By Anna Pulley
By Erin Sherbert
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By Erin Sherbert
By Erin Sherbert
If you've grown up along the California coastline, it's a safe bet that you've had some sort of psychic interlude: Someone's read your aura, your chart, your palm, your cards, or the bumps on your scalp; you've been told about past lives, future loves, dead relatives, or lost trinkets. If you were a child like me -- living with adults endlessly interested in metaphysical truth -- psychic phenomena may have become idle childhood amusements, as commonplace as matinee movies for your father's generation.
"Should we go roller-skating in the park," I might ask a friend on any sunny Sunday afternoon, "or get our tarot cards read?" We'd tumble out of the colorful storefront, laughing and talking about the ridiculous possibilities our futures might or might not hold, and go roller-skating anyway.
As I got older, the price of the future went up, but so did the entertainment value. On one occasion, I convinced an Englishman to see his first psychic. I let him pick a name from the phone book. The spot he chose was one of those Mission District parlors that double as living quarters for seven. The family was sitting down to dinner when we arrived, but the grandmother waved us in anyway. Two of the elder sisters shoved forkfuls in their mouths and grudgingly tossed their napkins on the table. They escorted us to separate corners of the room, lighting candles and mumbling prayers as they swallowed their bites. My reading was pretty standard fare: "You are a creative person." "You will do a lot of traveling." "You will be successful." "The man you love has a dark secret. He will leave but he will come back." "Someone who is envious of you has placed a curse on you and your family. Your family will suffer great hardships if you do not lift the curse. Come back tomorrow, and I will prepare a protection spell."
The woman was clearly distracted by her cooling steak, hardly glancing at me at all to find the "tells" that most hustlers depend on for clues. But the whole key to enjoying a psychic reading is the voluntary suspension of disbelief, and I was tickled to be a creative, successful traveler in the future with a dark, mysterious companion.
Sadly, my friend was not feeling similarly buoyant. In the car, he was uncommunicative and morose. I asked about his reading, and he wouldn't tell me. His psychic had told him not to discuss it with anyone. Ever.
"Did you get a curse?" I asked. He looked startled. Like me, he was also a creative traveler. (His psychic went so far as to suggest his creativity might be aligned with visual arts -- not exactly a limb, given his appearance, but still.) He had definitely gotten his money's worth: the terror caused by a curse that might kill his family; the confirmation of envy he had long suspected; the secret thrill of being the target of a diabolical scheme; the tremendous relief of being safe; and the humility that comes from being taken.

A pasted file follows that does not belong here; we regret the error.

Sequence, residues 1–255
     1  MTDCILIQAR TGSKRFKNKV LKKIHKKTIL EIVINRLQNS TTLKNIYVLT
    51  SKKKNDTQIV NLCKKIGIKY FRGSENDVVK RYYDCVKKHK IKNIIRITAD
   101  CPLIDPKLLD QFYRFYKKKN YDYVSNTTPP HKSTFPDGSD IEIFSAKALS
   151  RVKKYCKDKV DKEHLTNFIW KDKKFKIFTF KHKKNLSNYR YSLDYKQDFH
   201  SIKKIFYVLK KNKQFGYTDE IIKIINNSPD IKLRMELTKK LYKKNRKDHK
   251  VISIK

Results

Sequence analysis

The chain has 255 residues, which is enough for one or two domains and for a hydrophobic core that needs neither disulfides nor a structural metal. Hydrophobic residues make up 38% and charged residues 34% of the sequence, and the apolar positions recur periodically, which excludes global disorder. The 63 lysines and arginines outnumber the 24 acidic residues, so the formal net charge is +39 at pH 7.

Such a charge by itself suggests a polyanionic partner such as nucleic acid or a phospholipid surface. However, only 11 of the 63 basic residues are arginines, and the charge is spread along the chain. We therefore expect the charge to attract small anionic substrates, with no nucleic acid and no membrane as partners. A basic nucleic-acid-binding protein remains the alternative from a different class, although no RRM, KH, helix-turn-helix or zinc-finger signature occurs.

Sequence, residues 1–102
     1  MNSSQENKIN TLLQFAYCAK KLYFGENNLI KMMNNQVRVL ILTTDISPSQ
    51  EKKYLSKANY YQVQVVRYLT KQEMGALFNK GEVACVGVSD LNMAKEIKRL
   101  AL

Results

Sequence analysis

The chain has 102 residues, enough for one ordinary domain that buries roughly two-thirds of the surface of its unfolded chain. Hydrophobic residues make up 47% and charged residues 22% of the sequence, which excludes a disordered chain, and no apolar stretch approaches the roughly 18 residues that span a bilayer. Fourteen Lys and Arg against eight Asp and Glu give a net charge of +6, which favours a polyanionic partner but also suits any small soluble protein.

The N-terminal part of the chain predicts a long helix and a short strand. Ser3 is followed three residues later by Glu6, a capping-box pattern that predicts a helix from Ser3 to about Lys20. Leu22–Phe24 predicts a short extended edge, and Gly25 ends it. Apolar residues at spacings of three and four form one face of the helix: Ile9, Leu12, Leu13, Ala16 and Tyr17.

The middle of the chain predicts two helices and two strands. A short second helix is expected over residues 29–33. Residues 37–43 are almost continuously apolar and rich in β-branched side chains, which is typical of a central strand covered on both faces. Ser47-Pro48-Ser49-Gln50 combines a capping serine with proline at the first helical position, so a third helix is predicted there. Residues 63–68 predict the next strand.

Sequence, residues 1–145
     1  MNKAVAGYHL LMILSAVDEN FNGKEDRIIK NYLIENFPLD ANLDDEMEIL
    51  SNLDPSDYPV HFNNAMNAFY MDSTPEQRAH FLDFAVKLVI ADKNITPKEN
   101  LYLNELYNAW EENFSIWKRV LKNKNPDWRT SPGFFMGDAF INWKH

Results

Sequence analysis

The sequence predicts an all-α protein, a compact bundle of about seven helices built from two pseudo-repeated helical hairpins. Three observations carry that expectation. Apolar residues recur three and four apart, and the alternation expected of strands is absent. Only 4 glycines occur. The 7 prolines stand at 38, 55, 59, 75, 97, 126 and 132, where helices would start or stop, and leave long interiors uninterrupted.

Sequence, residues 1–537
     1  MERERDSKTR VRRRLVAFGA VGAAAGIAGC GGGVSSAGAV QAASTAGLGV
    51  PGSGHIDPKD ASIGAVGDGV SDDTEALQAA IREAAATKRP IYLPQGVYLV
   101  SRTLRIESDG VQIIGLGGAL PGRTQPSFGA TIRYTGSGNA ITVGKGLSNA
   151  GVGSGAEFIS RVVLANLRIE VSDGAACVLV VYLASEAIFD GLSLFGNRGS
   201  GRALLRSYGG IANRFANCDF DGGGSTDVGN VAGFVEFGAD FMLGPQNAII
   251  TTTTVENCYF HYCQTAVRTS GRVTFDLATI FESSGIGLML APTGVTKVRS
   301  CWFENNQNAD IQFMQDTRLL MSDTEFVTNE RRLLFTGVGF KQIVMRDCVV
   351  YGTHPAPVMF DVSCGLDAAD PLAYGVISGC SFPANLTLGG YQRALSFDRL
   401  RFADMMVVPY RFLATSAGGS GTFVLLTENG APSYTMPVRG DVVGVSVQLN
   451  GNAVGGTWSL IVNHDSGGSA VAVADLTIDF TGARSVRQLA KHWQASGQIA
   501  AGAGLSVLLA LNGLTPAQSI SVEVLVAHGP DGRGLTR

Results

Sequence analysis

Better than the movies.
But not better than TV.
For almost a year, psychic medium John Edwardhas been communicating with the dead in front of, and for, live studio audiences on the Sci-Fi Channel. His no-nonsense, fast-paced, dressed-down, often funny, sometimes sarcastic approach to mediumship has turned his show, Crossing Over With John Edward,intothe highest-rated late-night program in the channel's history. (It's being picked up by KTVU in August.) Two years ago, while peddling his autobiography, One Last Time, Edward appeared on CNN's Larry King Live,accurately stating that a caller from Salem, Va., had buried her husband with a brand of cigarettes that was not his own. Larry King seemed convinced; the caller was beside herself. Edward's autobiography made it to the New York Timesbest-seller list with ease. His third book is already on its way. There is over a year's wait for private consultations. Edward's sellout live appearances are excellent targets for scalpers. Which is exactly how I get in to his appearance at the Nob Hill Masonic Auditorium.
Aside from a few rows at the edges of the room, kept purposely clear, the 3,000-seat auditorium is at capacity. There is a family of four, three rows above my balcony seat, that has traveled from Washington to speak with a sister/daughter who died in a car wreck; one section over, I find two parties who flew up from Los Angeles because they couldn't get tickets to Southern California dates. I'm seated between a 28-year-old stay-at-home mom from Ventura and a 35-year-old clinical research associate from San Jose. In the lobby, I meet a 42-year-old woman from southern Arizona whose interest is Edward, not her family's dead. (The woman is not alone in her adoration: There are a lot of flower bouquets walking through the doors, and it's not Mother's Day.) The crowd is an enjoyable cross-section of humanity -- gruff ex-servicemen sharing armrests with natural-fibered New Agers; hair spray and sequined denim coexisting with Prada and pashmina wraps -- and everyone is talking about ghosts, God, and the hereafter.